Although Medellin has made great strides in leaving behind the violent history of its most infamous inhabitant, there remains one part of town that heralds the notorious drug kingpin: Barrio Pablo Escobar.
Medellin has been making grand efforts to turn its back on its gloomy history associated with the disturbingly violent career of Escobar, emerging as an innovative, forward thinking metropolis. But in Barrio Pablo Escobar, the locals regard the notorious drug kingpin as a saint with a “good heart”.
Originally called “Medellin Sin Tugurios,” or Medellin Without Shanty Towns, Barrio Pablo Escobar is located high up on the eastern slope of Medellin,’s valley and seems very similar to many of the other “barrios” or poorer neighborhoods in the city.
The big difference is the shared sense of inherited affiliation and gratitude that the locals have towards Colombia’s most violent criminal, who was personally responsible for over 4,000 deaths including three Colombian presidential candidates, a justice minister, more than 200 judges, dozens of journalists and more than 1,000 police officers.
In this sense Barrio Pablo Escobar, a name ignored by the government, is one of a kind; it is a small pocket of roughly 15,000 people in a city of 2.5 million where Escobar continues to be highly esteemed by all members of the neighborhood who felt abandoned by the government.
In the barrio, the mention of Escobar’s name triggers at least a respectful nod or some sort of mention of gratitude, as opposed to the more customary fed-up-eye-roll at being asked to talk about the widely despised man for the umpteenth time.
“He is present in our history and memory,” said Wberney Zabala, president of the Community Association and former soldier, adding that “we don’t talk about the supposed bad things about him.”
At first glance of the main street, the neighborhood is like any other with the characteristic red brick and grey cement houses precariously piling on top of each other up the steep mountain face.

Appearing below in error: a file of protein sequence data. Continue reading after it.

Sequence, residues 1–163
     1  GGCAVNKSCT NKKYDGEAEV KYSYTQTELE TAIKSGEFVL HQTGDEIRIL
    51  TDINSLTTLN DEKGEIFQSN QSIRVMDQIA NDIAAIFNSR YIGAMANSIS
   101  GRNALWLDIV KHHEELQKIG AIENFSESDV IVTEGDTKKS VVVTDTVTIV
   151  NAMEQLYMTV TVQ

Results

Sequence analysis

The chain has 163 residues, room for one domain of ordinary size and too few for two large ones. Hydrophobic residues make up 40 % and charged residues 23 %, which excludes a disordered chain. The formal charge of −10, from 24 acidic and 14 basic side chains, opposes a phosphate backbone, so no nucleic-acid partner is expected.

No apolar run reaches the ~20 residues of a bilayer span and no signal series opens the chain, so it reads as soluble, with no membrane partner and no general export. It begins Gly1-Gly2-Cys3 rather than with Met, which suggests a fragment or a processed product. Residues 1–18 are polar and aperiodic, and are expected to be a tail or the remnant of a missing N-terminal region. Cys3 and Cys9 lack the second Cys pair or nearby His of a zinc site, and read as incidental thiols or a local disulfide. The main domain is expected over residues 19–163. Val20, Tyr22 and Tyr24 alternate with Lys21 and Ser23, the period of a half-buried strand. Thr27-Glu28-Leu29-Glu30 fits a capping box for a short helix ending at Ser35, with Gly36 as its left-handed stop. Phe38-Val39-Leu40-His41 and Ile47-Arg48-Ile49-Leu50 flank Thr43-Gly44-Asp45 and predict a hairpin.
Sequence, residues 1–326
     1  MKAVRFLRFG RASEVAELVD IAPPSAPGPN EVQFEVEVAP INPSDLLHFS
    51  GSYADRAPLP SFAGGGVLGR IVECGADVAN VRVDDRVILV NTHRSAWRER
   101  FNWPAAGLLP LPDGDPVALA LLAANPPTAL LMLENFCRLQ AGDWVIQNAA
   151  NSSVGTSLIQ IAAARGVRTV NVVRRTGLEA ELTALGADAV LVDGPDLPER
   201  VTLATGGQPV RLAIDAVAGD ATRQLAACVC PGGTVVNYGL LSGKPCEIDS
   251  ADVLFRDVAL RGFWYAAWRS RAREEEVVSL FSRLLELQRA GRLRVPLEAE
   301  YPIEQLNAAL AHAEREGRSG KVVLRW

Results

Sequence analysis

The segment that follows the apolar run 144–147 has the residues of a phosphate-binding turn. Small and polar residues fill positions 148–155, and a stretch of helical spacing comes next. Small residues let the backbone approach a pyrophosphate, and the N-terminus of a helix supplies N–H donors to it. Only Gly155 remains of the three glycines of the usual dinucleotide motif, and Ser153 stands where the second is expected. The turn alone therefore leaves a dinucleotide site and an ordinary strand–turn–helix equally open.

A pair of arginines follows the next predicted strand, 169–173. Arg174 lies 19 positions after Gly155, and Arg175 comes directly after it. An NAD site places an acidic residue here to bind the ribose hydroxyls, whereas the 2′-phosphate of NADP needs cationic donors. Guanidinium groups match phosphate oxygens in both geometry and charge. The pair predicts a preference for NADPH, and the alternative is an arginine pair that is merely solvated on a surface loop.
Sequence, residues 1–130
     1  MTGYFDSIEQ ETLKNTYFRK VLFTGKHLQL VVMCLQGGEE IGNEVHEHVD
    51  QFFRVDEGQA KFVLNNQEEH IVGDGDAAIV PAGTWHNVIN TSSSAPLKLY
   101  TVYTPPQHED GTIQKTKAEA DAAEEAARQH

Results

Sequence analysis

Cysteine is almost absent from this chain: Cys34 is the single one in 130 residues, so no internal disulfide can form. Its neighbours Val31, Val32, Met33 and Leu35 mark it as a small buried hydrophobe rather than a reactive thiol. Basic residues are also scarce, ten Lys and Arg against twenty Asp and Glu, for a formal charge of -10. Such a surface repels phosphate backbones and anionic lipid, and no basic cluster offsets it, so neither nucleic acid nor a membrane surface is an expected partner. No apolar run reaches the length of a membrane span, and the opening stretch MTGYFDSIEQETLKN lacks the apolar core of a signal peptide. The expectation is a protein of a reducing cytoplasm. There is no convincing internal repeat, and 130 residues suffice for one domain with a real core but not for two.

Salsa music, accordion rhythms and even Miley Cyrus can be heard simultaneously, booming out of various windows and locals wander about getting on with their day; catching a bus, walking to school or buying groceries. On either side of the road, narrow passageways with sudden twists and turns drop down or scale upwards navigating between the tightly packed houses.
The thing that adds an edge to this neighborhood, however, making it not quite the same as its neighboring barrios, are the massive, proud pop-art murals of Pablo Escobar that adorn the streets, the shrines of the narco that sit in people’s homes and the shared gratitude that these people will seemingly forever have for the infamous, cold blooded capo that tore up Colombia until he met his fate on a Medellin roof top in 1993.
Escobar’s legacy in the neighborhood
Like most other neighborhoods in Medellin, Barrio Pablo Escobar has prominent presence of the Oficina de Envigado, the crime syndicate founded by the drug lord in the 1980s and still in control of most of the city.
Notwithstanding, the atmosphere in the neighborhood seems calm and unassuming.
The people of Barrio Pablo Escobar, like many in Medellin, are hard working survivors who are getting on with it.
They are however part of Escobar’s legacy that he left behind; a population who had nothing until the kingpin turned their lives around with housing and schools, gaining their mass, loyal support in return.
Before 1982, the area was a wasteland inhabited by thousands of people unable to put a roof over their heads. “Robin Hood” Escobar saw this as a perfect opportunity to save the day while gaining backing, which remained even after he tried and failed to become an elected representative in the 1982 Congressional elections.
According to local resident Luis Muñoz, Escobar transformed the wasteland in to a neighborhood, providing building materials, furniture, and houses for these previously homeless people.
A humble character with a very knowing look in his eye, Don Luis was the founder of the neighborhood’s donation-based library in 1992, set up to try and provide local children with basic learning resources that the government failed to provide.
According to Don Luis, during the time that Escobar was on the run after he escaped from his self built prison, “The Cathedral” in 1992, the houses and even the library of Barrio Pablo Escobar served as hideouts for the fugitive and his cronies.
“If he was here, he was hiding,” said Don Luis, after explaining the communities’ feeling of gratitude towards the man, and willingness to do anything for him, including turning a blind eye to the fugitive’s presence.
Undoubtedly Escobar is one of the most horrendously destructive and sickeningly twisted stain on Colombia’s history. In the neighborhood, the locals are not shouting his praises from the rooftop, but instead are quietly grateful and respectful to the man who in their eyes has provided them with more than anything that the government ever has, and seemingly with enough to weigh out against the atrocities he committed.